When the Covid-19 pandemic was just beginning last March, among the first steps the federal government took was to require that small and medium-sized companies give their employees two weeks of paid emergency sick leave for reasons related to the coronavirus. Firms with fewer than 500 employees were offered a tax credit to be reimbursed for the expense, dollar for dollar.

But that requirement was allowed to expire on Dec. 31, 2020, even as hospitalizations and deaths from the disease reached new highs. The last-minute Coronavirus Response and Relief Supplemental Appropriations Act of 2021, signed into law on Dec. 27, instead made offering paid sick leave voluntary on the part of employers. As a result, millions of primarily low-income employees in service-sector jobs such as retail, child care and food preparation are unable to take paid days off if they have symptoms, test positive or need to quarantine after exposure to Covid-19.

The US Centers for Disease Control and Prevention strongly recommends that anyone with any symptoms stay home — and workplaces around the country caution employees to do the same. So was Congress not convinced that paid sick leave could make a difference in containing the pandemic?

In fact, it can. We analyzed this question by investigating what occurred after cities and states mandated paid sick leave in years past, and after the Families First Coronavirus Response Act passed in the spring. To each data set we conducted what’s called “causal inference” — a state-of-the art statistical method that triangulates evidence from multiple sources — to test what effect giving workers access to paid sick leave has on the spread of contagious diseases.

The findings from our three studies are very clear, but they shouldn’t be surprising.

First, employees without paid sick leave are generally those in low-wage jobs — and thus the least able to afford to lose a paycheck. Others are afraid of getting laid off, particularly in precarious economic times like now. When such workers gain access to sick leave coverage, we find that they become more likely to call in sick and stay home when they have symptoms of illness.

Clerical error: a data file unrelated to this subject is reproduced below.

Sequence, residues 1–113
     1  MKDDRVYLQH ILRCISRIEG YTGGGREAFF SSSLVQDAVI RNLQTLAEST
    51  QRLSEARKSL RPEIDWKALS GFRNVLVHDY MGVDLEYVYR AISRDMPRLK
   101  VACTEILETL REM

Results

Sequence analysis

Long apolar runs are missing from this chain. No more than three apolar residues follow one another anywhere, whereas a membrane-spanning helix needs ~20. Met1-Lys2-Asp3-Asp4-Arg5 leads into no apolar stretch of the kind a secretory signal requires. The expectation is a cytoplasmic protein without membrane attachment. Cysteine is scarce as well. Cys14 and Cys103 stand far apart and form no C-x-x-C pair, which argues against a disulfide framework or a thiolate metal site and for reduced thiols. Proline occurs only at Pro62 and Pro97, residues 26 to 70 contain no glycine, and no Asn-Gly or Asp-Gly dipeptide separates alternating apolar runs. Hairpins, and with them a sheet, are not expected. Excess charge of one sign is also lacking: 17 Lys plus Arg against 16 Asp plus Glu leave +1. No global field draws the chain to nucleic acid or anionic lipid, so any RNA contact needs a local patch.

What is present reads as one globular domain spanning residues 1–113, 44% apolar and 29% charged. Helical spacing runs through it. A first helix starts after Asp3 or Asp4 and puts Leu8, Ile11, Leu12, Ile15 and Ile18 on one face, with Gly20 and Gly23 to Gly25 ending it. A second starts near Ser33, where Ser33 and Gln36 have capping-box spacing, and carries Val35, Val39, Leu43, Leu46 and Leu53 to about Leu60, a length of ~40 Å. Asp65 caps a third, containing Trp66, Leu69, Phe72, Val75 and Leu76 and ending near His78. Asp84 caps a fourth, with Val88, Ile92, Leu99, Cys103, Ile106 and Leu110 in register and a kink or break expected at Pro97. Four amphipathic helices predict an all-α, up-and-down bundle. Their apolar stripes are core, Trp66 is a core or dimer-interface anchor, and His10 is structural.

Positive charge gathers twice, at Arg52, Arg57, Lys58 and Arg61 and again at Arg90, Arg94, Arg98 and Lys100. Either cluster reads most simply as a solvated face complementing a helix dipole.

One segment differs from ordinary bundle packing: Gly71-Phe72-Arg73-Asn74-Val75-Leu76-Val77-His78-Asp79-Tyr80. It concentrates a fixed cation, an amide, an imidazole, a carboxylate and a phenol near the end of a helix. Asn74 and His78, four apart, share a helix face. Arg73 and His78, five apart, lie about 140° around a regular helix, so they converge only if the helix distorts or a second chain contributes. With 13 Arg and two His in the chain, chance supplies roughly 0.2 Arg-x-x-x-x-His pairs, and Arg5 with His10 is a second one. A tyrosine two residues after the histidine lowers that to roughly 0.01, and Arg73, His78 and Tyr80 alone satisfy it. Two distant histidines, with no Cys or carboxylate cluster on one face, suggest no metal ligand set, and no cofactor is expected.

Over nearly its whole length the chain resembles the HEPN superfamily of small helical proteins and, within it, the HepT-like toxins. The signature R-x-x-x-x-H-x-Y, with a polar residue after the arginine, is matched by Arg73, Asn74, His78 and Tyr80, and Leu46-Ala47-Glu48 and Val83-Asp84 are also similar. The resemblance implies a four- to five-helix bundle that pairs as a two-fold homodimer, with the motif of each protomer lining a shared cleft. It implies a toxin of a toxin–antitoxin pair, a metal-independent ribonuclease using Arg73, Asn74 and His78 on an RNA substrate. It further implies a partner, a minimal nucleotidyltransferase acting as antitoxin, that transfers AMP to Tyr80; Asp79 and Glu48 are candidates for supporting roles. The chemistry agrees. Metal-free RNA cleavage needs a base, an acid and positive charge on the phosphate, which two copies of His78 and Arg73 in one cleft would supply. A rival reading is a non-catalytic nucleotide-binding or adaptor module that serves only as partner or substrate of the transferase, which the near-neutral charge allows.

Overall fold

Second, paid sick leave makes workers less likely to spread viruses among coworkers, customers and even fellow commuters on trains and buses. Using seasonal flu data from the CDC, we find that in the first year after a state-mandated paid sick leave policy, rates of influenza-like illnesses decreased by a significant 11 percent. Likewise, using daily coronavirus test result data from every US state, we find that the FFCRA’s emergency sick leave provisions reduced the number of new cases by about 400 per day per state in its first weeks after enactment.

But apparently this overwhelming evidence was not enough for Congress to renew paid sick leave.

To be sure, some will always see any type of paid leave mandate as burdensome regulation. But sick days prevent outbreaks from spreading within a workplace. Further, research we did before the pandemic struck showed no evidence that sick pay mandates hurt job growth or wages.

The incoming Biden administration should make the renewal of paid sick leave a top priority and make larger firms eligible for reimbursement tax credits. The Congressional Budget Office estimated that its paid sick leave tax credit would cost $8.7 billion in 2020; but as of October, the IRS had processed only about $300 million in employer tax credits. In the meantime, the federal government has spent trillions of dollars on economic relief packages for consumers and companies in response to the coronavirus. Providing taxpayer funding for paid sick leave is not only effective at preventing infections, it is very cheap in comparison.

An earlier version of this article appeared in The Hill.

This article is part of Reset: The Science of Crisis & Recovery, an ongoing series exploring how the world is navigating the coronavirus pandemic, its consequences and the way forward. Reset is supported by a grant from the Alfred P. Sloan Foundation.